OCTOBER 17, 1972.
THE PEOPLE OF THE STATE OF ILLINOIS, PLAINTIFF-APPELLEE,
HAROLD L. HOGAN, DEFENDANT-APPELLANT.
APPEAL from the Circuit Court of Warren County; the Hon. SCOTT
I. KLUKOS, Judge, presiding.
MR. JUSTICE DIXON DELIVERED THE OPINION OF THE COURT:
The defendant, Harold L. Hogan, pled guilty to a charge of reckless homicide, was convicted, was denied probation, and was given a sentence of two to five years. This appeal is taken from the conviction, the denial of the defendant's petition for probation, and the sentence imposed.
The defendant contends that he is entitled to have the guilty plea set aside or to have hearings on his petition for probation and on aggravation and mitigation because of the incompetency of counsel he had employed; that denial of probation was an abuse of discretion, and probation should be granted by this Court; and that the sentence imposed was excessive and should be reduced.
In a complaint which was filed January 11, 1971, the defendant was charged with involuntary manslaughter in that on December 7, 1970, while operating a motor vehicle in a reckless manner, he killed another person. The defendant appeared in court with his attorney on October 7, 1971, at which time an amended complaint charging reckless homicide was filed. The defendant then waived indictment by grand jury, entered a plea of guilty, and requested probation. On November 11, 1971, the defendant appeared in court again with his attorney, waived a formal hearing on the report of the probation officer, and also waived a hearing on mitigation and aggravation, and he then was given his sentence.
At the latter hearing the defendant's attorney indicated that the two of them had gone over the probation officer's report, which recommended denial of probation; that the defendant questioned whether he had an alcohol problem; but that the defendant found that the report correctly stated his record of arrests, family history, background and educational background, and work record. The attorney added that he had discussed with the defendant the possibility that evidence might be brought in relating to his problem with alcohol, and that the defendant had acknowledged that the probation officer might be justified in his position that the defendant had a drinking problem. The report showed that the defendant had a record of a substantial number of traffic violations, commencing in 1953, as well as other misdemeanor convictions; that the defendant had consumed four mixed drinks at a tavern before the collision; and that he was married, was the father of two children, and had been steadily employed since 1957.
• 1, 2 We have reviewed the entire record in our consideration of the defendant's claim that the attorney he had employed was incompetent. When a defendant in a criminal case employs private counsel, a conviction will not be reversed unless the representation was so inadequate as to amount to no representation at all, or to reduce the court proceedings to a farce or a sham. (People v. Redmond, 50 Ill.2d 313; People v. Fleming, 50 Ill.2d 141; People v. Lenker (1972), 6 Ill. App.3d 335, 285 N.E.2d 807; People v. Allen (1971), 132 Ill. App.2d 270 N.E.2d 54.) It has been held not evidence of incompetence that a defendant was advised to plead guilty (People v. Schonert, 123 Ill. App.2d 392); that trial by jury was waived (People v. Bush, 29 Ill.2d 367); and that plea bargaining was not conducted nor evidence in mitigation offered. (People v. Wilfong, 47 Ill.2d 141.) Going into the defendant's background more fully might have led to a more severe sentence. (People v. Darby, 36 Ill.2d 616.) We assume that the reduction in the charge was attributable to the efforts of the defendant's attorney, that waiver of a trial was not unrelated, and that subsequent waiver of a hearing on the probation report and waiver of a hearing on aggravation and mitigation were a reasonable exercise of judgment aimed at avoidance of damaging testimony. We believe the charge of incompetence of counsel is not supported by the record.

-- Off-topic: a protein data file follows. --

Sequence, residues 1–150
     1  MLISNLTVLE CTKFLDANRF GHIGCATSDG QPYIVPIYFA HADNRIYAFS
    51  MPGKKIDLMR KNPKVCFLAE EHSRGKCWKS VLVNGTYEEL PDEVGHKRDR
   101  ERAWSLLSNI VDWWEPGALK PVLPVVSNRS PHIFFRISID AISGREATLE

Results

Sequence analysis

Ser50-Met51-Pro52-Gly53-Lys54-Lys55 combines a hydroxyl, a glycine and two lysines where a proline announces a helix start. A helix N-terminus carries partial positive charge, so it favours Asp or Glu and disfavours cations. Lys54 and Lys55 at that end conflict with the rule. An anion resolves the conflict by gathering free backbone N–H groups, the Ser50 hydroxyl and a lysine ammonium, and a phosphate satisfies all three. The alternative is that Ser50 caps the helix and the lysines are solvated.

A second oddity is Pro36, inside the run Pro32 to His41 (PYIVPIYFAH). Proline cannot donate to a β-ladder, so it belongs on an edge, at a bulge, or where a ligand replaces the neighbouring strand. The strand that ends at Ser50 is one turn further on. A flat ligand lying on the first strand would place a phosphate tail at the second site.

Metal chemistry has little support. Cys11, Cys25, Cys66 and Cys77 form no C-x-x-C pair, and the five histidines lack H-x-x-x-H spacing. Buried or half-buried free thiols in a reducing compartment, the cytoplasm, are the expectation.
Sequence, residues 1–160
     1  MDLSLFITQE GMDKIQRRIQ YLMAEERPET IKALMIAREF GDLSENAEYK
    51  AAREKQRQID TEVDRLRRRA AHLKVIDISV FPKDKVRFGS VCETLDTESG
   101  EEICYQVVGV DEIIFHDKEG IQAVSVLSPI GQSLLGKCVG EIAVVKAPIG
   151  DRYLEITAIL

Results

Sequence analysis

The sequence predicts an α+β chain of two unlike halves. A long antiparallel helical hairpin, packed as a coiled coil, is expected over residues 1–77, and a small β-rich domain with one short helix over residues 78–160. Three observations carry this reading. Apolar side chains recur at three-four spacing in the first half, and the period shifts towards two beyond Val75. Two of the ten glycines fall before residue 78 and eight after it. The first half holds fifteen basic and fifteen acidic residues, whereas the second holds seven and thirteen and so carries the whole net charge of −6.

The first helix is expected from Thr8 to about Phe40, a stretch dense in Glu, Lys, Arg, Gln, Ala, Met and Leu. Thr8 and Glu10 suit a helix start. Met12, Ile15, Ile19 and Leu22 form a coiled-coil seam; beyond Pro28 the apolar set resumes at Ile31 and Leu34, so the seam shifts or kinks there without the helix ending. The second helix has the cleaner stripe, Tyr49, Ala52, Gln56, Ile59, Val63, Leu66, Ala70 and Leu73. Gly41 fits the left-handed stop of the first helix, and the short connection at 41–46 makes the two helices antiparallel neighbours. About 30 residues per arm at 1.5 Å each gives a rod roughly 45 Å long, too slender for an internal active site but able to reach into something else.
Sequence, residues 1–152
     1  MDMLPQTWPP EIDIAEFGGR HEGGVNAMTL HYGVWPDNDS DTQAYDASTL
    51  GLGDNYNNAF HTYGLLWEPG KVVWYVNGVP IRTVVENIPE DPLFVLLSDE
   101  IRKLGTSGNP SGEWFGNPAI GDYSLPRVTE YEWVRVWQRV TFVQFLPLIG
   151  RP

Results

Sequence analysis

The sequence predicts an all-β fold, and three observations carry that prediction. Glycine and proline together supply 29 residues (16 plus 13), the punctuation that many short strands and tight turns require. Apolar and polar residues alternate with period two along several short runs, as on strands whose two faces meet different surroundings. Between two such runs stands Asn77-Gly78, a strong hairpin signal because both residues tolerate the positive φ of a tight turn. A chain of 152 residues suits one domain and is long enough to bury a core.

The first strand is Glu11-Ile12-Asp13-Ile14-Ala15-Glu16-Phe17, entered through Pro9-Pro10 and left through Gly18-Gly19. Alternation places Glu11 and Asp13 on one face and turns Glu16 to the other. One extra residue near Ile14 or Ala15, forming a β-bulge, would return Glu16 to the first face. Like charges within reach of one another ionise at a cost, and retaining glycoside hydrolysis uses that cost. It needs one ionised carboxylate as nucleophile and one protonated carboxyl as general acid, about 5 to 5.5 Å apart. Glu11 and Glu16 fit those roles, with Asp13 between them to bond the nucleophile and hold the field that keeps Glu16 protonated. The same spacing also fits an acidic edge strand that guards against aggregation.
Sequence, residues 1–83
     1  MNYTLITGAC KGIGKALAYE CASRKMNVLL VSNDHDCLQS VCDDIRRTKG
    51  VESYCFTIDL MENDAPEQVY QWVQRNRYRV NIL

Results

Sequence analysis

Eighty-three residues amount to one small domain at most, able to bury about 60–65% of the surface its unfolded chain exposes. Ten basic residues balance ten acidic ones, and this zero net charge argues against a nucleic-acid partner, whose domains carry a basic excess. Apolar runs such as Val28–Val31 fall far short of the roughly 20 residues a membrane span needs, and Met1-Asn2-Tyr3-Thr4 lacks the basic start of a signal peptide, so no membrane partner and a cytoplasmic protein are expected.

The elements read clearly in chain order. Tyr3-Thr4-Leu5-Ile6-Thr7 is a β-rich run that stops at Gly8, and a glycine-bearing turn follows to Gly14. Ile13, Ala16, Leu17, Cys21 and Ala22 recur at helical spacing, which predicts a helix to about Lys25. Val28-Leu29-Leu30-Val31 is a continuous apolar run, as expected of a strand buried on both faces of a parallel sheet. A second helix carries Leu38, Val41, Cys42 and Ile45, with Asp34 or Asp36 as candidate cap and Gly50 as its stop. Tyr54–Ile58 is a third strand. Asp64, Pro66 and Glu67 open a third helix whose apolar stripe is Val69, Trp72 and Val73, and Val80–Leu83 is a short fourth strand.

We believe furthermore, that the denial of probation by the trial court was not an abuse of discretion, and that probation should not be granted by us. The defendant's having previously completed probation from 1966 through 1969 on a charge of reckless driving does not seem to us to weigh in favor of granting probation again, but rather to indicate that rehabilitation did not take place and that a period of confinement should this time be imposed. However, giving some allowance to the defendant's potential for rehabilitation, his having no record of felonies, his evident ability to obtain and hold employment, and his desire to provide for his family, we are disposed to reduce the sentence to a term of one to five years. See People v. Berryhill (1972), 6 Ill. App.3d 526, 286 N.E.2d 109; People v. Aridge, 1 Ill. App.3d 728; People v. Steele (1971), 132 Ill. App.2d 269 N.E.2d 731. Accordingly, the sentence is reduced to a minimum of one and a maximum of five years, and as so modified, the judgment is affirmed.
Judgment of conviction affirmed, sentence modified.
ALLOY, P.J., and SCOTT, J., concur.
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